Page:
At a field trip to Osborn Industries, Peter is bitten by a spider, which grants him powers. It is later revealed that Norman Osborn had injected a super drug known as OZ into the spider, which he later uses as a sports drink which he sells to Mary Jane's classmates.

As Peter suits up to become Spider-Man, Mary Jane sets out to expose Norman with the help of Peter.[1]

Romance novelist Judith O'Brien wrote two novels featuring a teenage Mary-Jane. It featured illustrations by Mike Mayhew. It doesn't fit into any of the comics' continuity, although it claims to be 'inspired' by Ultimate Spider-Man.

The first novel is a basic retelling of the origin story from Mary-Jane's point of view. She is depicted as a shy, insecure girl who knew Peter Parker from elementary school. She deals with such teen topics like anorexia and peer pressure.

The novel was successful with teenage girls who weren't familiar with the comics, but was met with criticism from the core fans due to what they considered mischaracterization of some of the characters (most notably Harry Osborn, who is portrayed as somewhat of a punk who manipulates Peter into doing his homework while treating him horribly) and its fooling around with continuity.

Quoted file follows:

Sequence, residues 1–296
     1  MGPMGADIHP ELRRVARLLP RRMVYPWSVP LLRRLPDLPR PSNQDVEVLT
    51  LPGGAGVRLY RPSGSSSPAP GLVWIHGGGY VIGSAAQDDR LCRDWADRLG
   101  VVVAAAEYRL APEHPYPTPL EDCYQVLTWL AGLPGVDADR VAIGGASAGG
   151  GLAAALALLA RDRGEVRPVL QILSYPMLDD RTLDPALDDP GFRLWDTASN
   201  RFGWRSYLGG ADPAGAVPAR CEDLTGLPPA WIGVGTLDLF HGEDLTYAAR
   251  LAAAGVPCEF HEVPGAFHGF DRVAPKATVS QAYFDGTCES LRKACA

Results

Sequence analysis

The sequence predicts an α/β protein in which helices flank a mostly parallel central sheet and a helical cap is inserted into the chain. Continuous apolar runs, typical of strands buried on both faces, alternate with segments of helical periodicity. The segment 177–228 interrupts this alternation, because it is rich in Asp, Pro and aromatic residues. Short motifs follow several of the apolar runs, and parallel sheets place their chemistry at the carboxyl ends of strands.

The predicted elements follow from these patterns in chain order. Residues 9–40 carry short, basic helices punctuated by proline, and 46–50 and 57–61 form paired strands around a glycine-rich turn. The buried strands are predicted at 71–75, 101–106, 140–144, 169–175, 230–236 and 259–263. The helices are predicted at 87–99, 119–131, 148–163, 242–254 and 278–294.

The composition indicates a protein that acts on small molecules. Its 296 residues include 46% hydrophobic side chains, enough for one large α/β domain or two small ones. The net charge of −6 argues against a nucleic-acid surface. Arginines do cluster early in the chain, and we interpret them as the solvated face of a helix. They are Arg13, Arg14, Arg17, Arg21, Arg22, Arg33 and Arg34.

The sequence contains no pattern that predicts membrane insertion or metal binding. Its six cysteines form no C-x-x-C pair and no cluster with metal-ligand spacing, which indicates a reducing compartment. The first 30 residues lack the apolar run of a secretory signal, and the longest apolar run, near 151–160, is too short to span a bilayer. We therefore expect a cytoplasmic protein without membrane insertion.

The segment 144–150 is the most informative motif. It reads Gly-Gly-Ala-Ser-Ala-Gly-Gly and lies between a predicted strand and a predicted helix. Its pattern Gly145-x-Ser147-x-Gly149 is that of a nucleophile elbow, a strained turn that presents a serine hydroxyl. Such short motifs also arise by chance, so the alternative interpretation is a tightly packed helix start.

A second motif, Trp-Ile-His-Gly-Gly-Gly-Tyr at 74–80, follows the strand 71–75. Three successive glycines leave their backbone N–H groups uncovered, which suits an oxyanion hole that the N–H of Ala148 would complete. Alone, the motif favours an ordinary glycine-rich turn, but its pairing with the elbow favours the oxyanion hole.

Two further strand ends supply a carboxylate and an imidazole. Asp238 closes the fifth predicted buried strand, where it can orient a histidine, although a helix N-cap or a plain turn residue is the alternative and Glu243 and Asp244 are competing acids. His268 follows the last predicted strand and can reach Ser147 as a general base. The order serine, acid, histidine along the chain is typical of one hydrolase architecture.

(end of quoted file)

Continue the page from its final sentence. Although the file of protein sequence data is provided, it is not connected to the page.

A sequel, Mary Jane 2 was later published. This one dealt with the continuing relationship of Peter and Mary Jane, and the emergence of new girl Gwen Stacy. In this continuity, Gwen is an 'ugly duckling' who Mary-Jane gives a 'makeover'. However, Gwen soon has feelings for Pete.

Harry Osborn reappears and is made more sympathetic than he was in the previous novel; with his father in jail, he is now poor and has to live without a life of luxury.

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